Friday, 18 January 2013

The so-called economic development in Sri-Lanka is just a mirage!

Sri-Lanka faces huge economic, political and social problems in the years ahead. Most of these problems stem from the Rajapakse regime’s incompetence and corrupt activities. The country can expect high inflation, high interest rate, high taxes, high unemployment, depreciation of the currency and political unrest.

Standard & Poor’s (S&P), has recently classified Sri Lanka as a “very high risk” (a risk score of 8) for economic resilience and credit risk, and a “high risk” (a score of 7) for economic imbalances. On a scale of 1 to 10 (lowest risk to highest risk), S&P placed Sri Lanka in group 8 of its Banking Industry Country Risk Assessment (BICRA).

The S&P report pointed to the country’s weak external liquidity “in the context of low income levels, relaxed lending practices and underwriting standards, as well as a weak payment culture and rule of law.”

S&P’s report drew attention to economic imbalances produced by the annual 28 per cent growth in credit during the past two years.

During the past 10 years, two state banks, Bank of Ceylon and Peoples Bank, wrote off 125 billion rupees, with the loan defaulters mostly backed by government politicians.

Fitch Ratings has stated that Sri Lanka, among Asian countries, was “most at risk” from any disruption to global funding markets.

Foreign Direct Investment (FDI) has largely been limited to hotels and other tourism related projects. Foreign investment is being deterred by perceptions of corruption and arbitrary governance, as well as continuous protests and violence and issues in media freedom.

The S&P report also voiced concerns about government manipulation of the stock market, through pension funds controlled by the Central Bank.

Market regulator Tilak Karunaratne quit in August 2012, saying he could no longer battle against a "mafia of crooks" preventing probes into insider trading and "pump-and-dump" scams in which investors drive up shares and then sell them.

Karunaratne's predecessor, Indrani Sugathadasa, also resigned in 2011, saying she was unwilling to compromise her "principles".

No one has been jailed in Sri Lanka for securities fraud and previous cases of insider trading have been settled by the parties agreeing to pay small fines without accepting guilt.

Rajapakse has in the past pointed to the rocketing share prices as proof of his government’s economic success. The financial press hailed “one of the best performing share markets in the world,” but the “success,” amid the global financial crisis, was built on rampant speculation. In 2011, the bubble burst and the index is currently hovering around 5,800 points compared to 7,800 points in February 2011.

Foreign investors have been withdrawing funds and Colombo is rated as one of the world’s worst performing markets.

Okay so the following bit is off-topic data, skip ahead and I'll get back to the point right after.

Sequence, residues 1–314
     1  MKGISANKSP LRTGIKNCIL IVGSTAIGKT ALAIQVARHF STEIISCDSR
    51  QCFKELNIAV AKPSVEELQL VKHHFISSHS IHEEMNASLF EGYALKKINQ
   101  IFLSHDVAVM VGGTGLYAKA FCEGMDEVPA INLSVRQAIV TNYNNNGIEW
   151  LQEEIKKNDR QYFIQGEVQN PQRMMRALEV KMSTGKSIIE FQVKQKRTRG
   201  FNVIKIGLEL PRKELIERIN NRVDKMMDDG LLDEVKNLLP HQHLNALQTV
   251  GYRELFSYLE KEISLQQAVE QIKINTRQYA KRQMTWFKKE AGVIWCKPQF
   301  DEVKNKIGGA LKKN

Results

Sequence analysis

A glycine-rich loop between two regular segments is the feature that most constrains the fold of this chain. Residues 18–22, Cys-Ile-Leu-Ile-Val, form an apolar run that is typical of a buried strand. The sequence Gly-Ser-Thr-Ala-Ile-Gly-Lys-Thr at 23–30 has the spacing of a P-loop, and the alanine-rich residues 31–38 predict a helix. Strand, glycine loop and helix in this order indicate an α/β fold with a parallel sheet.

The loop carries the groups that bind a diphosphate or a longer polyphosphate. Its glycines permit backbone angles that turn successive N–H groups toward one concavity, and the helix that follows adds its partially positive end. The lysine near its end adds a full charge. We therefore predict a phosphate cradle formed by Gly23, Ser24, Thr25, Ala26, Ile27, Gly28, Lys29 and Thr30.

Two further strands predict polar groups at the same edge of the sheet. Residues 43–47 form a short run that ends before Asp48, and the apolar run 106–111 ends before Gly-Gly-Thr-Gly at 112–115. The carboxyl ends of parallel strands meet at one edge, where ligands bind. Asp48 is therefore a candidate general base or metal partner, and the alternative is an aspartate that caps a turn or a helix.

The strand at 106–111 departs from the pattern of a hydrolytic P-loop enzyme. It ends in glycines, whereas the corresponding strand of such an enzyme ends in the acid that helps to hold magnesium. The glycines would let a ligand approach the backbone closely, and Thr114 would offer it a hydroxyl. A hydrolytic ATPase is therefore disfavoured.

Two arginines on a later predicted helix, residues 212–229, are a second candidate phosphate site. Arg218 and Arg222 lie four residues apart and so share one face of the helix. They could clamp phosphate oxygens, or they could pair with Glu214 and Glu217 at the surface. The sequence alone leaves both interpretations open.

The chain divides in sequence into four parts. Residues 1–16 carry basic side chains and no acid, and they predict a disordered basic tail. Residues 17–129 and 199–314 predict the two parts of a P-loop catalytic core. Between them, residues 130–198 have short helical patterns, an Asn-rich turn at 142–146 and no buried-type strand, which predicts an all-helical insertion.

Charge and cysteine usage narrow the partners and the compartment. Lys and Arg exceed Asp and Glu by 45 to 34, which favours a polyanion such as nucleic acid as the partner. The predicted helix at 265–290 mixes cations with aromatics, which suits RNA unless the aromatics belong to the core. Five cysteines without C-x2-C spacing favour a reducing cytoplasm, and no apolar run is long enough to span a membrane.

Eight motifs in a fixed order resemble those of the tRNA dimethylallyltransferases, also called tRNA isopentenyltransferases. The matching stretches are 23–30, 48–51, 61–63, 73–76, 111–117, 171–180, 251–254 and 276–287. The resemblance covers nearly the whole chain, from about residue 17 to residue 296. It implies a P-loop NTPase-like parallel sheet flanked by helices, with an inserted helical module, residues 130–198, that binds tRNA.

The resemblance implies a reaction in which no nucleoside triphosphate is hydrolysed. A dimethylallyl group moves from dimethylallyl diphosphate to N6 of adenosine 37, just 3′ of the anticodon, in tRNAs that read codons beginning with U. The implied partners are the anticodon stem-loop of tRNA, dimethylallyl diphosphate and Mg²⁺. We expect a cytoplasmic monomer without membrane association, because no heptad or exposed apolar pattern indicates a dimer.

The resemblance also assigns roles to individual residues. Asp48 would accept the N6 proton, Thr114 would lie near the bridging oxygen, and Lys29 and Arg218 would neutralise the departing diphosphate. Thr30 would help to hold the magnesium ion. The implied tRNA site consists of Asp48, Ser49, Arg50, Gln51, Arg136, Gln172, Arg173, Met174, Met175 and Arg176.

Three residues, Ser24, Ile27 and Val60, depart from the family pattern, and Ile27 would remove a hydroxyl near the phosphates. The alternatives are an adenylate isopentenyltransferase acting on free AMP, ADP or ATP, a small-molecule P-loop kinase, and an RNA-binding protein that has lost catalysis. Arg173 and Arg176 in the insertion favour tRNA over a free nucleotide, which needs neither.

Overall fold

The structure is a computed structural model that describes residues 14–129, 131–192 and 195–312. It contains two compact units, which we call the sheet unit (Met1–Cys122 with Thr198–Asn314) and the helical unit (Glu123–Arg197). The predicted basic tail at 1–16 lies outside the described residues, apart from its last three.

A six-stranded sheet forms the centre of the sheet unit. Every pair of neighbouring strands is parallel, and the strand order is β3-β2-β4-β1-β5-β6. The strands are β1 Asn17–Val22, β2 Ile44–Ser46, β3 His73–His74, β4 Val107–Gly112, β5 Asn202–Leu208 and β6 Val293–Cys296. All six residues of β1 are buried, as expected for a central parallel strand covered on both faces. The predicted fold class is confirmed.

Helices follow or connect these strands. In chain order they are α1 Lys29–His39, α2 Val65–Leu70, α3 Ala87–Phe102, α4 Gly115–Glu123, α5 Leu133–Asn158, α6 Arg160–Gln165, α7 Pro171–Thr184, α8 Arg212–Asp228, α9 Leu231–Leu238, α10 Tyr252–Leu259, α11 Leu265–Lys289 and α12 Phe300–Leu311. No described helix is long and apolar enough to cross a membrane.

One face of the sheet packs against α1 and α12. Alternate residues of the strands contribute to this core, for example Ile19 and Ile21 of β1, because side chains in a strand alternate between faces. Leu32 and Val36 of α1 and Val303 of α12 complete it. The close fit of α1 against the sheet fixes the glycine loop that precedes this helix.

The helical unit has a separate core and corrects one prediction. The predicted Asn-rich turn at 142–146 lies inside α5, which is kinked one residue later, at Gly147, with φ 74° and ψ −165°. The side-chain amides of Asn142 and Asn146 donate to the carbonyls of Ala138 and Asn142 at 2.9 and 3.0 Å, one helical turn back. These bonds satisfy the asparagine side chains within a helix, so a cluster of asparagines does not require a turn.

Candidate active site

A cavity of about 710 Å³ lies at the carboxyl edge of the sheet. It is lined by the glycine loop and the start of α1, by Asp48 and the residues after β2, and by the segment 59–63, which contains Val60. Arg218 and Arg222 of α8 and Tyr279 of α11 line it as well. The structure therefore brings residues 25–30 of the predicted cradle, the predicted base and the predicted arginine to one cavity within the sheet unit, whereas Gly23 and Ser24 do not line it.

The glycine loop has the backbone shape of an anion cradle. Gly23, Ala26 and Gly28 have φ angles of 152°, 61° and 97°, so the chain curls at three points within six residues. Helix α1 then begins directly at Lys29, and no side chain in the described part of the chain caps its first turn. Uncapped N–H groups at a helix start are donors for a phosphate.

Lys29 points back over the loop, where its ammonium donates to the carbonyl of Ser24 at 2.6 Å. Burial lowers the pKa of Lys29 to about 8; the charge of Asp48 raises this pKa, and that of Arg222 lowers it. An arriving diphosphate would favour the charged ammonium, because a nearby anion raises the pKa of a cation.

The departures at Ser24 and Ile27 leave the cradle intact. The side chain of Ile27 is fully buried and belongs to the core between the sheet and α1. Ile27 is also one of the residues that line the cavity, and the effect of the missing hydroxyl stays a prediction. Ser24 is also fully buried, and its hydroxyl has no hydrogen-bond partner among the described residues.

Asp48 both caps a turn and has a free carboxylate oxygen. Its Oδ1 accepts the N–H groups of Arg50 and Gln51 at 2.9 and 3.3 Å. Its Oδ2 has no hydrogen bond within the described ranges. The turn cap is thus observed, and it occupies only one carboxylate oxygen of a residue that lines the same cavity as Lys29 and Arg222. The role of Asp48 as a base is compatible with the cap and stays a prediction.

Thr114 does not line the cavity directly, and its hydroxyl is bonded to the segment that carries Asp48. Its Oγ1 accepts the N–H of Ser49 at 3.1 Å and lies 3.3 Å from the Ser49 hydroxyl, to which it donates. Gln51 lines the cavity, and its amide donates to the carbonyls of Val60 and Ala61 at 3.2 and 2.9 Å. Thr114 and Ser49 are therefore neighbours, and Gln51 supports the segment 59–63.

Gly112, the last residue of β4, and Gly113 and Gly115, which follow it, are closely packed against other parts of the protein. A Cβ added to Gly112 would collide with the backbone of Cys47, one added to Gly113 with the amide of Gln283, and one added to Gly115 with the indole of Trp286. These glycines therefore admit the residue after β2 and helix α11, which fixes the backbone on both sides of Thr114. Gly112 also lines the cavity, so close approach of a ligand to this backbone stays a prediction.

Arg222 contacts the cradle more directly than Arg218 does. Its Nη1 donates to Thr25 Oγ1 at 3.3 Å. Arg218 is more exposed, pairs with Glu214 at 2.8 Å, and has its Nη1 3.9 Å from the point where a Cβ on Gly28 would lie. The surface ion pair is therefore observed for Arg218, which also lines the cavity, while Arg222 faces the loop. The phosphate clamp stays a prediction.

Karunaratne admitted that speculation had been a major factor in the share price rises. “The major contribution came from people who used unfair means in pumping up the market, which made it reach extreme high levels,” he told the media.

The Central Bank encouraged this speculative frenzy by releasing money from the Employees Provident Fund (EPF), the country’s biggest pension fund, to purchase shares, including in ailing companies such as Galadari Hotels, Laugfs Gas, Piramal Glass Ceylon, Ceylon Grain Elevators and Browns. The release of EPF cash for private sector investment was a longstanding demand of the International Monetary Fund (IMF).

The results have been disastrous. For example, the EPF purchased 23.7 million shares in the loss-making Galadari Hotels at a price of 32.50 rupees a share in 2010. By July 2012, the share price had plummeted to 11 rupees, resulting in a loss of 500 million rupees for the EPF. Overall, the EPF had lost about 6 billion rupees by the middle of last year.

The newly-appointed SEC chairman, Nalaka Godahewa, is well connected to the government. He was given the job despite heading the Colombo Lands and Development (CLD), which is also under a cloud for share manipulation.

According to Transparency International, about $ 500 million of the tsunami aid for Sri Lanka is unaccounted for and more than $ 603 million has been spent on projects unrelated to the disaster. In a report examining the funding, the group concluded the discrepancy between relief money received and money spent ''does not have a credible explanation''.

The government has removed the Chief Justice, Shirani Bandaranayake and appointed a crony of the Rajapakse as her replacement.

The removal of the Chief Justice is a witch hunt to punish Bandaranayake for ruling against a key government bill which centralises development work under one of the president's brothers.

The impeachment has drawn international condemnation with the International Commission of Jurists (ICJ), saying Mohan Peiris' appointment raised serious concerns about the future of the rule of law and accountability in the country.

"ICJ condemns this appointment as a further assault on the independence of the judiciary and calls on the Sri Lankan government to reinstate Chief Justice Shirani Bandaranayake. If there are grounds for questioning the chief justice's actions, they should be pursued following due process and a proper impeachment process."

Faced by rising unrest over its austerity program demanded by the IMF and the high level of corruption and cronyism, the regime will increasingly depend on repressive methods in order to hold on to power.

“False words are not only evil in themselves, but they infect the soul with evil.” Socrates

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